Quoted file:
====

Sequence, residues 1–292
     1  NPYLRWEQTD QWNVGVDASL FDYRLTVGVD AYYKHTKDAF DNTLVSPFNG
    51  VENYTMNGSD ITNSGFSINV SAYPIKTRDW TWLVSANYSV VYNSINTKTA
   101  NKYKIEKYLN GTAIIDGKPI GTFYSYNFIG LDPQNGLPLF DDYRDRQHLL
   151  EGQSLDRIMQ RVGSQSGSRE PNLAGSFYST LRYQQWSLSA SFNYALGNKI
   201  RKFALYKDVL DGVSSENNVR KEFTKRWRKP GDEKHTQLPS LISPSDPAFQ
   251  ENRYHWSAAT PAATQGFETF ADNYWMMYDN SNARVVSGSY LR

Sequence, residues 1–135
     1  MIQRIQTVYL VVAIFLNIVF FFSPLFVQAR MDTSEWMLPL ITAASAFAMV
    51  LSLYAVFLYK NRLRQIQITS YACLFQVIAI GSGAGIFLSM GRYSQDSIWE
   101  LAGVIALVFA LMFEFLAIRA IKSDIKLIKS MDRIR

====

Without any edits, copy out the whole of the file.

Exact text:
Sequence, residues 1–292
     1  NPYLRWEQTD QWNVGVDASL FDYRLTVGVD AYYKHTKDAF DNTLVSPFNG
    51  VENYTMNGSD ITNSGFSINV SAYPIKTRDW TWLVSANYSV VYNSINTKTA
   101  NKYKIEKYLN GTAIIDGKPI GTFYSYNFIG LDPQNGLPLF DDYRDRQHLL
   151  EGQSLDRIMQ RVGSQSGSRE PNLAGSFYST LRYQQWSLSA SFNYALGNKI
   201  RKFALYKDVL DGVSSENNVR KEFTKRWRKP GDEKHTQLPS LISPSDPAFQ
   251  ENRYHWSAAT PAATQGFETF ADNYWMMYDN SNARVVSGSY LR

Sequence, residues 1–135
     1  MIQRIQTVYL VVAIFLNIVF FFSPLFVQAR MDTSEWMLPL ITAASAFAMV
    51  LSLYAVFLYK NRLRQIQITS YACLFQVIAI GSGAGIFLSM GRYSQDSIWE
   101  LAGVIALVFA LMFEFLAIRA IKSDIKLIKS MDRIR